The Fascinating Reason Behind the Corn Snake’s Tail Rattle

The Corn Snake’s Unique Tail Rattle

The corn snake is a species of rat snake found in North America. It is one of the most popular pet snakes due to its docile nature and attractive coloration. But what makes the corn snake truly unique is its tail rattle. This fascinating adaptation has been the subject of much research, and scientists have uncovered some interesting facts about why this species has evolved this behavior.

What Is a Tail Rattle?

A tail rattle is a defensive behavior exhibited by some species of snakes, including the corn snake. When threatened, the snake will vibrate its tail rapidly, creating a rattling sound that can be heard from several feet away. This behavior is thought to be an evolutionary adaptation that helps deter potential predators from attacking the snake.

The Evolutionary Advantage of Tail Rattling

The tail rattle serves two main purposes: it startles potential predators and it mimics the sound of a rattlesnake. The startle response can cause potential predators to hesitate or even flee, giving the corn snake time to escape. The mimicry of a rattlesnake also serves as an effective deterrent; many predators are wary of rattlesnakes and will avoid them if possible.

How Does the Corn Snake Produce Its Tail Rattle?

The corn snake produces its tail rattle by vibrating specialized scales on its tail called “scutella” or “scutellae”. These scales are made up of keratin, which is a tough protein found in many animals’ skin and hair. When these scales are vibrated rapidly, they create a rattling sound that can be heard from several feet away.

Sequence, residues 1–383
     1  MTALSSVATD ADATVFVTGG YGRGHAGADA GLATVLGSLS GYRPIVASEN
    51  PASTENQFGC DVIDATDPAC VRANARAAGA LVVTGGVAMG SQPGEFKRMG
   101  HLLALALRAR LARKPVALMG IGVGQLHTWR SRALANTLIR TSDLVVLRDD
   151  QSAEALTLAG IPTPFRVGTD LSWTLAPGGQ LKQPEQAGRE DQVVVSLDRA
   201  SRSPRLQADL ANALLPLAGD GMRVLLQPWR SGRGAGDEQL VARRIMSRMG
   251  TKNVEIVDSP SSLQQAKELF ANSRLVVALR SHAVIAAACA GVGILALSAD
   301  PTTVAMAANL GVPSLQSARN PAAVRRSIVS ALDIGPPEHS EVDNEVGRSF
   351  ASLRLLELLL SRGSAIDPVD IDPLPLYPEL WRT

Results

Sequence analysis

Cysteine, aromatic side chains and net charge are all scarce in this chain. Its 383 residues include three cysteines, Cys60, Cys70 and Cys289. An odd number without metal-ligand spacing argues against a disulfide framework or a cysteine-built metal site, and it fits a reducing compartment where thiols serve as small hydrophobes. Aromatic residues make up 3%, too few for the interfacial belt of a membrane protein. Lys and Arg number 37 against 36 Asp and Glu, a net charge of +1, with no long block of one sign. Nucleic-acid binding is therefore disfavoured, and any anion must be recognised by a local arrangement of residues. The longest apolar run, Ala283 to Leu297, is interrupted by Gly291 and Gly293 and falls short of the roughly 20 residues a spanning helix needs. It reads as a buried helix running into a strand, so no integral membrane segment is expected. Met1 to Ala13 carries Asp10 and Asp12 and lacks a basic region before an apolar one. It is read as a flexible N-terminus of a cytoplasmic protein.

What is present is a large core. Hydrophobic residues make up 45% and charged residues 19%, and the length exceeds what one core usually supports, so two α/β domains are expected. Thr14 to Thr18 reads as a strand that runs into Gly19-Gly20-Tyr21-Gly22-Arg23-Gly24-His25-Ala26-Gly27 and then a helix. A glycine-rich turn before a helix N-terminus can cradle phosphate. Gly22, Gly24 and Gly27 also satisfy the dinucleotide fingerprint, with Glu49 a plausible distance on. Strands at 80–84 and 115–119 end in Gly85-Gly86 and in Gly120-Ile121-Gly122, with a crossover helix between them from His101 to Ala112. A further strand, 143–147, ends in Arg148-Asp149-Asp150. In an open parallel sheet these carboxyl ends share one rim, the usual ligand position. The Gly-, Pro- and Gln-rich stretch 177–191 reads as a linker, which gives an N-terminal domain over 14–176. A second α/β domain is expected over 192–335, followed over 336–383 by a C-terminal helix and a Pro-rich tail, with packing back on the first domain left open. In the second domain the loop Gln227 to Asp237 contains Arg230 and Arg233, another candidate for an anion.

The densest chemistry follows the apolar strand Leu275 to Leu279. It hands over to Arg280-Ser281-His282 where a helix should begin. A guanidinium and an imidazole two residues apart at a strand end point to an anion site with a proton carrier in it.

See also  Bull Snakes Thriving in New Mexico's Deserts

Why Do Some Snakes Have Tail Rattles and Others Don’t?

Not all snakes have evolved to produce a tail rattle; some species rely on other defensive behaviors such as hissing or striking when threatened instead. The reason why some species have evolved this behavior while others haven’t is still unknown, but scientists believe it may be related to their environment or prey availability. For example, snakes living in areas with more predators may have evolved this behavior as an additional defense mechanism against predation.


The corn snake’s unique tail rattle is an interesting evolutionary adaptation that helps protect it from potential predators. By understanding how this behavior works and why some species have evolved it while others haven’t, we can gain insight into how animals adapt to their environment over time and how they use different strategies for survival in different habitats.